Well, it wasn’t exactly dark — just amazingly, wondrously, hideously, wildly stormy. I’d add more adjectives, but Jer won’t let me. It was also teeth chattering cold, but I couldn’t resist having the big barn doors open to watch the sky and desert as the storms came and went.
I was at the Barn at the usual time today. There were tourists everywhere, including a couple of trailer-campers on the other side of the road. I guess these were holiday-seekers who didn’t want to pay to park their rigs. People kept dropping in to see the art — Riley McCoy, the museum volunteer, was sending them along. He stopped by while a couple from the LA area were being chatted up by David Lancaster and I was chatting up the other David (Berg), a board member who was helping David L. work on the cistern. Riley handed me a bagful of fresh strawberries and the wind and rain started.
So when people weren’t pulling up out front, I played my new flute (more on that another time) and thought about painting. I didn’t actually think much; I mostly thought about thinking. And I played my flute. And someone else would pull up to get in out of the rain, which wasn’t actually hitting the ground, only the roof. Between the talk, the flute and the jingling of the tin roof, it was fairly exciting.
About 2 PM things settled down, so I decided to work on some easy stuff — the plein air panels I did a few days ago.
Here’s the back of the McCoy’s house, which was the Episcopalian Church. It’s the back of the house because I was painting in the afternoon and the house faces east. All glare and deep shadow on that side. Besides, looming over the back of the house is a honking big sign for Motel 6, next to the Casino up the road aways, and that tickled my sense of wacky hamlet-scapes. So this is today’s version, a second draft:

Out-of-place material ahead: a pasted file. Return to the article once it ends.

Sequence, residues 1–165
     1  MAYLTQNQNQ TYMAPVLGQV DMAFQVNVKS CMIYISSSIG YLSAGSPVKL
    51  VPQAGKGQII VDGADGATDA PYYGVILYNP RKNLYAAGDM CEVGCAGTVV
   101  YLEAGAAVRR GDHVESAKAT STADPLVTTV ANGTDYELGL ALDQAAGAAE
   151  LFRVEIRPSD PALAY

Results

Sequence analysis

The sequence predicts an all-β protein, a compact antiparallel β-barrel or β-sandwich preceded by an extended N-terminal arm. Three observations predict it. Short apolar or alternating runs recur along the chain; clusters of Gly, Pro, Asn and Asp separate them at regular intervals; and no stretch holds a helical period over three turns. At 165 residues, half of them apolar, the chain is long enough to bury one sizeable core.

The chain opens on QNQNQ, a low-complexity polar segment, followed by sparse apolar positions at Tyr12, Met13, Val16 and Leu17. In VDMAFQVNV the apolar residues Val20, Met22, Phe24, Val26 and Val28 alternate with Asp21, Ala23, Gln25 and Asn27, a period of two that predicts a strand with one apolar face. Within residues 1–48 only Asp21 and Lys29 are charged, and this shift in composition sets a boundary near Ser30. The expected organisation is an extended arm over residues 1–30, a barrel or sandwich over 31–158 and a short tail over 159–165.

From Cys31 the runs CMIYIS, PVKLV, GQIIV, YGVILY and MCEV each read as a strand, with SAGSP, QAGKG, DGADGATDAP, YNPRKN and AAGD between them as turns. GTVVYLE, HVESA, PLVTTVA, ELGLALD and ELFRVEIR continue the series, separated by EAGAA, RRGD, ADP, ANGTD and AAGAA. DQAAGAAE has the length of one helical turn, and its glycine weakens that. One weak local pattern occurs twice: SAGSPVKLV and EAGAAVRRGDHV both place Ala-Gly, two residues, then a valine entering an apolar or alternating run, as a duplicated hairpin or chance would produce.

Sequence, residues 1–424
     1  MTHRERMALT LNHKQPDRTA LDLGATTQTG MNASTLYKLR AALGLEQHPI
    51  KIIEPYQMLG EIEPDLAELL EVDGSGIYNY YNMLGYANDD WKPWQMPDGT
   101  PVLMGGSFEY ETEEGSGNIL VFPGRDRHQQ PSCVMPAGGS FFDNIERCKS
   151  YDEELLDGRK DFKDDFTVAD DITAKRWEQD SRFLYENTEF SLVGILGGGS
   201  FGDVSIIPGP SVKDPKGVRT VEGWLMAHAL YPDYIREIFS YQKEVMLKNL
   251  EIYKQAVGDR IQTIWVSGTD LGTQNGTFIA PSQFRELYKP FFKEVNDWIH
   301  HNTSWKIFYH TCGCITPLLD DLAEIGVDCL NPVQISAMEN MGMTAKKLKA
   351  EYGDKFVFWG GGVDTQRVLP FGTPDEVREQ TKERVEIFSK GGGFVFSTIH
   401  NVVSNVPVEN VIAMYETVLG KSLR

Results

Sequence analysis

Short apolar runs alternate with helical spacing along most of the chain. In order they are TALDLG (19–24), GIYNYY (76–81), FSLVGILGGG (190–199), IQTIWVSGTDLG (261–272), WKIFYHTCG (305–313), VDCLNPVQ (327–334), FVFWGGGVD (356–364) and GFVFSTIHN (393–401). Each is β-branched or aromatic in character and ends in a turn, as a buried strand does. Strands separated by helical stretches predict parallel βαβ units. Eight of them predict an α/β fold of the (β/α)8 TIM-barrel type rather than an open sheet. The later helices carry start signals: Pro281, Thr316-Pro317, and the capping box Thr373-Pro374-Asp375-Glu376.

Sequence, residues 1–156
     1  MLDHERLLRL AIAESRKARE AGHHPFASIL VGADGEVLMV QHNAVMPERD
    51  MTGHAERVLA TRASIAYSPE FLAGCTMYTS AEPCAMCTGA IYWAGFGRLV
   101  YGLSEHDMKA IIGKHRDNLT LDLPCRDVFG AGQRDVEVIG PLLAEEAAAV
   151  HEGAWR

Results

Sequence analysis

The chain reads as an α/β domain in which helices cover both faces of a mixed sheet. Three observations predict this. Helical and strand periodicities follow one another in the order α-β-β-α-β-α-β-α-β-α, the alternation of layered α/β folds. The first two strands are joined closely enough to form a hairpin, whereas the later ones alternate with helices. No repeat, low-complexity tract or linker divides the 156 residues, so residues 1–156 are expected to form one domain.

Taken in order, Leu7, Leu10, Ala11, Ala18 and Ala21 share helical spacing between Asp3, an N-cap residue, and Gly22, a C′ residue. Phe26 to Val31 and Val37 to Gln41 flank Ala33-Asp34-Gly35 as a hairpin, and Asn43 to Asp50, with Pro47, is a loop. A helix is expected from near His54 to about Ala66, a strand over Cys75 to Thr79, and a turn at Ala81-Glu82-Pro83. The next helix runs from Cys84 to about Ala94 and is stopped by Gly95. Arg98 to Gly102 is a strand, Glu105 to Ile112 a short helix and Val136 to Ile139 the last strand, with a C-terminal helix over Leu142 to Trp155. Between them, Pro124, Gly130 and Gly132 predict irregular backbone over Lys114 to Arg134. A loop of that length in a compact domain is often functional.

The McCoy’s House, Beatty Nevada, 16 x 12″, Oil on masonite 2009
I also updated the Beatty Library a bit:
It’s absolutely typical of my wacky hamlet-scapes, perhaps because I’ve been painting landscapes too long. They get wackier as I get further out of practice.
That didn’t take long, so I decided to take on another painting I did outside in the warmth (now dissipated entirely, it seems) of last week.
This one needs the mountain to glow more; it was painted about 4 PM and the motel was in shadow while the mountain was playing on my eyeballs. But it’s coming along.
I couldn’t bring myself to upgrade the Chamber of Commerce Building (another view of the Beatty Mountain included); the wheeled vehicle seemed too hard. So I started in on a semi-abstract (think Maynard Dixon with no horses or humans) that I had been working on last week. I’m liking the change of pace –less detail:
I had just begun on the far mountains when Jer appeared, so this too will get a bit more attention.
I couldn’t face the big canvases today, but tomorrow I will be brave and valiant and true-hearted and strong. Besides they must be painted so they can dry before they get carried home. And Charles fixed the spot lights so I can see to paint more better as well as to photograph better (probably more, too). With any luck (send good vibes this way) I’ll have them done within a day or two.
On the way home, I made Jer stop so I could take this photo of the continuing storm.
Reporting from Goldwell House, which is much warmer and cozier than the Red Barn, even if the scenery is less spectacular.